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Home | Tag Archives: voting in texas

Tag Archives: voting in texas

Federal judge says all Texas voters can apply to vote by mail during pandemic

A federal judge opened a path for a massive expansion in absentee voting in Texas by ordering Tuesday that all state voters, regardless of age, qualify for mail-in ballots during the coronavirus pandemic.

Days after a two-hour preliminary injunction hearing in San Antonio, U.S. District Judge Fred Biery agreed with individual Texas voters and the Texas Democratic Party that voters would face irreparable harm if existing age eligibility rules for voting by mail remain in place for elections held while the coronavirus remains in wide circulation. Under his order, which the Texas attorney general said he would immediately appeal, voters under the age of 65 who would ordinarily not qualify for mail-in ballots would now be eligible.

Biery’s ruling covers Texas voters “who seek to vote by mail to avoid transmission of the virus.”

In a lengthy order, which he opened by quoting the preamble to the Declaration of Independence, Biery said he had concerns for the health and safety of voters and stated the right to vote “should not be elusively based on the whims of nature.”

“Two hundred forty-years on, Americans now seek Life without fear of pandemic, Liberty to choose their leaders in an environment free of disease and the pursuit of Happiness without undue restrictions,” Biery wrote.

“There are some among us who would, if they could, nullify those aspirational ideas to return to the not so halcyon and not so thrilling days of yesteryear of the Divine Right of Kings, trading our birthright as a sovereign people for a modern mess of governing pottage in the hands of a few and forfeiting the vision of America as a shining city upon a hill,” he said.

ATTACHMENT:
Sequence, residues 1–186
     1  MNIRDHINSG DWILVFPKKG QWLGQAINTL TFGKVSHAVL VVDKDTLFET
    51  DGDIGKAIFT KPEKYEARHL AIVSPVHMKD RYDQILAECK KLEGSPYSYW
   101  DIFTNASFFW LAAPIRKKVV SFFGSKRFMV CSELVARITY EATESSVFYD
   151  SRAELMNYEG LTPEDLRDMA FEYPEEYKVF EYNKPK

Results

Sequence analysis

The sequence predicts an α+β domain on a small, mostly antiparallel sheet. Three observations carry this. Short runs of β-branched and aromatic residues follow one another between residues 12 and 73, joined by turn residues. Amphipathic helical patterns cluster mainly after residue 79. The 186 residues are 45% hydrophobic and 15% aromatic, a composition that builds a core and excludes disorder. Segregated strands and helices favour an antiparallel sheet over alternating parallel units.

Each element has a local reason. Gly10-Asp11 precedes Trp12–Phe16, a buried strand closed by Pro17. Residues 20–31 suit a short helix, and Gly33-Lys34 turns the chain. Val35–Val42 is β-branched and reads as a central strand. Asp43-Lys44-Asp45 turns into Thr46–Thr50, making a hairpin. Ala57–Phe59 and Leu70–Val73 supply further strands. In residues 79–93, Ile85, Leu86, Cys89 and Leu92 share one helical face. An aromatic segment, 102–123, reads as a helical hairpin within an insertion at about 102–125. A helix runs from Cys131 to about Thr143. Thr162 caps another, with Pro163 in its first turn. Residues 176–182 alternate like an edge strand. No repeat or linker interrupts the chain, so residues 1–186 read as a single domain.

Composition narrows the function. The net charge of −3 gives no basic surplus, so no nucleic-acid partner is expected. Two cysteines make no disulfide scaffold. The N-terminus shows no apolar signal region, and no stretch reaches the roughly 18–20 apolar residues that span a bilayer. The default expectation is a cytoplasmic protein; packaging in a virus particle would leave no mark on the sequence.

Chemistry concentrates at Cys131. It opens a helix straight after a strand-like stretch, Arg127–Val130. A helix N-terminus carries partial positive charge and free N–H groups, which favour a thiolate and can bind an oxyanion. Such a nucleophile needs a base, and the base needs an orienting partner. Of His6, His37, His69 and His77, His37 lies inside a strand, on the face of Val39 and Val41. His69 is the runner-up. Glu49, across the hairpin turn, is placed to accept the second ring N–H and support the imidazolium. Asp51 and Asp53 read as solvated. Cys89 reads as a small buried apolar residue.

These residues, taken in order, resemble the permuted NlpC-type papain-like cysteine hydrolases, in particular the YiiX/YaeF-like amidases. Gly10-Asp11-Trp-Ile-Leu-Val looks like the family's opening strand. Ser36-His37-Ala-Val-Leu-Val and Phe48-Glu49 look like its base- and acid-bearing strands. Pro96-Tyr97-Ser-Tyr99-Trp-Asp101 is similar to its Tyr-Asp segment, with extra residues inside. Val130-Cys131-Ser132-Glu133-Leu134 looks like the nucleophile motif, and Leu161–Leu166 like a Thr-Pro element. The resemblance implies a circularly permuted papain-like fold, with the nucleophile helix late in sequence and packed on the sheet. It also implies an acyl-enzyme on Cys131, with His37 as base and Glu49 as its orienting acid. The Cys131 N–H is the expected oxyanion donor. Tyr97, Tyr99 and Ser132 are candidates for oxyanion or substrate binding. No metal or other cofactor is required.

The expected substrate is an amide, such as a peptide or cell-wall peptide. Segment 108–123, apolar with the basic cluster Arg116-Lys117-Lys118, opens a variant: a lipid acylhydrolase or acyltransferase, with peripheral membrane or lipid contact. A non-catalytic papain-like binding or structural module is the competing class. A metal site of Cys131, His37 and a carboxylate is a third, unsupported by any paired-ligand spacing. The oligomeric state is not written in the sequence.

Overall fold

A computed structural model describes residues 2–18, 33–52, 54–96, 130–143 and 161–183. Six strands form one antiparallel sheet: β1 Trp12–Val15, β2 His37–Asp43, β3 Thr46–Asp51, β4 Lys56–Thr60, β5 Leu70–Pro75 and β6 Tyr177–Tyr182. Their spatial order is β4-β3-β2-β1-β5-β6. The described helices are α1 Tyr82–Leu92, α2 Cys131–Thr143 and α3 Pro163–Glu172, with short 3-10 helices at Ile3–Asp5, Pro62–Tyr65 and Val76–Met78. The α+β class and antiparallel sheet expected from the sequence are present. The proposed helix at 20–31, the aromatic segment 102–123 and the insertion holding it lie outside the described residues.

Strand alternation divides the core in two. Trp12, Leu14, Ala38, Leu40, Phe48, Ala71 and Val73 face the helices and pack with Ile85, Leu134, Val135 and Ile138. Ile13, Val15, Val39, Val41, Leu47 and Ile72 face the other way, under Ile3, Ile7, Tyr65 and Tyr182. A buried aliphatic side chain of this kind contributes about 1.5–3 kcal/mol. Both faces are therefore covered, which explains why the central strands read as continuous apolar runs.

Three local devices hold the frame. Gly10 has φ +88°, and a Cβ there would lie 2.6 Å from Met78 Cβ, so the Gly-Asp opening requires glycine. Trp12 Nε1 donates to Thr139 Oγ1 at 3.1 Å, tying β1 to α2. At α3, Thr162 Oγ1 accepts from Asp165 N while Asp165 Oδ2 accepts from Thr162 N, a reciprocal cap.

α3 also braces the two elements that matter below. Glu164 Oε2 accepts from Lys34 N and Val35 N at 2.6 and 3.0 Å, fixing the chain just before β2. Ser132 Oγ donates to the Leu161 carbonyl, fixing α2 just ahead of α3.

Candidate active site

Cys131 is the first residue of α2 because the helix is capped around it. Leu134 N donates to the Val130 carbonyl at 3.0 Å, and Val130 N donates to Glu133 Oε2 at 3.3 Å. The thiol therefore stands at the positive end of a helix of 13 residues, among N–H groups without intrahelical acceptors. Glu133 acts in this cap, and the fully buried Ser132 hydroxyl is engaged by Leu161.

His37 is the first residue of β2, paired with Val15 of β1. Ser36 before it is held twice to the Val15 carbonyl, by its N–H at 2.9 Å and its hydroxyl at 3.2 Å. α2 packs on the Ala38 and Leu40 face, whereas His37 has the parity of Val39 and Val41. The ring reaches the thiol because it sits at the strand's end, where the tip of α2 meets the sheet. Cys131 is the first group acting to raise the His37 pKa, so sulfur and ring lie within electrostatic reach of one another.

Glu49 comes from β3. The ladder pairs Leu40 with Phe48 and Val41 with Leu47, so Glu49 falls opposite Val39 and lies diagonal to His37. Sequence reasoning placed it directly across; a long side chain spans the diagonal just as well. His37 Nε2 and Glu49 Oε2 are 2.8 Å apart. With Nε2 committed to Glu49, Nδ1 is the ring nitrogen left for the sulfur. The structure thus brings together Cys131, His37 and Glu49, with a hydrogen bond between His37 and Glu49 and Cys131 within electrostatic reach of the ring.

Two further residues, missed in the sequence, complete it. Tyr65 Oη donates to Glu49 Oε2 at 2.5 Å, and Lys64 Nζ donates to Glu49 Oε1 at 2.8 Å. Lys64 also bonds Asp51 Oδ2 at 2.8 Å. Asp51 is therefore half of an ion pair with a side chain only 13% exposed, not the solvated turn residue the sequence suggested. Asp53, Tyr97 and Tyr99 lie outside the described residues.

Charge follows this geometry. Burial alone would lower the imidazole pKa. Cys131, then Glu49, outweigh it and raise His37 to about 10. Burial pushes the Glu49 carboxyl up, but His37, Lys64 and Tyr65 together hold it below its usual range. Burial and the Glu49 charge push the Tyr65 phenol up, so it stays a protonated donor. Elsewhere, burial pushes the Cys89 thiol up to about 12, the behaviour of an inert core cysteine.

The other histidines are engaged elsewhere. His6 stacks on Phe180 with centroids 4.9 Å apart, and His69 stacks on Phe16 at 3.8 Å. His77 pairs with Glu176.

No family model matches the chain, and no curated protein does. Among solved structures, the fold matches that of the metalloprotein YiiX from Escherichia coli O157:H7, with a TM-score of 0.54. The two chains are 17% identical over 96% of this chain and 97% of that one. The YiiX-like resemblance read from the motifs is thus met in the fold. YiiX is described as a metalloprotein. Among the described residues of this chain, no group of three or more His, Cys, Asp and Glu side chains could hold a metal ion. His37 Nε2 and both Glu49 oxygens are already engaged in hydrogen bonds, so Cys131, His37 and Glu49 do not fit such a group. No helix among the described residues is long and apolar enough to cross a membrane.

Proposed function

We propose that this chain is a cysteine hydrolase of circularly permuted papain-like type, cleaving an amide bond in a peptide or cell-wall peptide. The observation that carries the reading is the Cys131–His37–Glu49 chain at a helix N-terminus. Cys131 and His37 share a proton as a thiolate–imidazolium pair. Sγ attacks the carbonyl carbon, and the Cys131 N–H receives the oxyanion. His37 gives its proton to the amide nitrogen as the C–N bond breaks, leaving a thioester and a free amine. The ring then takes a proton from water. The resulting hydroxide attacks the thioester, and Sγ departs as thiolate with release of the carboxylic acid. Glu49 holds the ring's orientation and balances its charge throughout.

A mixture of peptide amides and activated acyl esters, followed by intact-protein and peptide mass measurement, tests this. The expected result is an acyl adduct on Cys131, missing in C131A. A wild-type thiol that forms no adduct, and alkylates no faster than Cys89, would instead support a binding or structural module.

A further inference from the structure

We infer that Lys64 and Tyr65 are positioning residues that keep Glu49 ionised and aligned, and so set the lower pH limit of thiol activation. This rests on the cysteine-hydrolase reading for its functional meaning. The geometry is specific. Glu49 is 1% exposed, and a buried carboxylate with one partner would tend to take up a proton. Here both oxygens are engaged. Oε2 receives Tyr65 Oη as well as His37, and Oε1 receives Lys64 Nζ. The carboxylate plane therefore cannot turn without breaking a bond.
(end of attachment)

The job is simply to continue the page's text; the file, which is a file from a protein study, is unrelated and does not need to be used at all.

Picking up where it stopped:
In the federal lawsuit, the Texas Democrats argued that holding traditional elections under the circumstances brought on by the coronavirus pandemic would impose unconstitutional and illegal burdens on voters unless state law was clarified to expand who can qualify to vote by mail.

Under existing law, Texas voters qualify for ballots they can fill out at home and mail only if they are 65 years or older, have a disability or illness, will be out of the county during the election period, or are confined in jail.

The Democrats argued that the age limitation violates the U.S. Constitution because it would impose additional burdens on voters who are younger than 65 during the pandemic, and Biery agreed. Biery also found the plaintiffs were likely to succeed in proving the rules violate the 26th Amendment’s protections against voting restrictions that discriminate based on age.

In a statement, Texas Attorney General Ken Paxton said he would seek immediate review of the ruling by the U.S. 5th Circuit Court of Appeals.

“The district court’s opinion ignores the evidence and disregards well-established law,” Paxton said.

In ruling against the state, Biery cast aside arguments made by Paxton’s office that he should wait until a case in state district court is fully adjudicated. In that case, state District Judge Tim Sulak ruled that susceptibility to the coronavirus counts as a disability under the state election code. The Texas Supreme Court put that ruling on hold last week.

During a hearing last week in federal court, Biery scrutinized the state’s argument that it had a significant interest in enforcing existing absentee voting requirements to preserve “the integrity of its election” and to prevent voter fraud.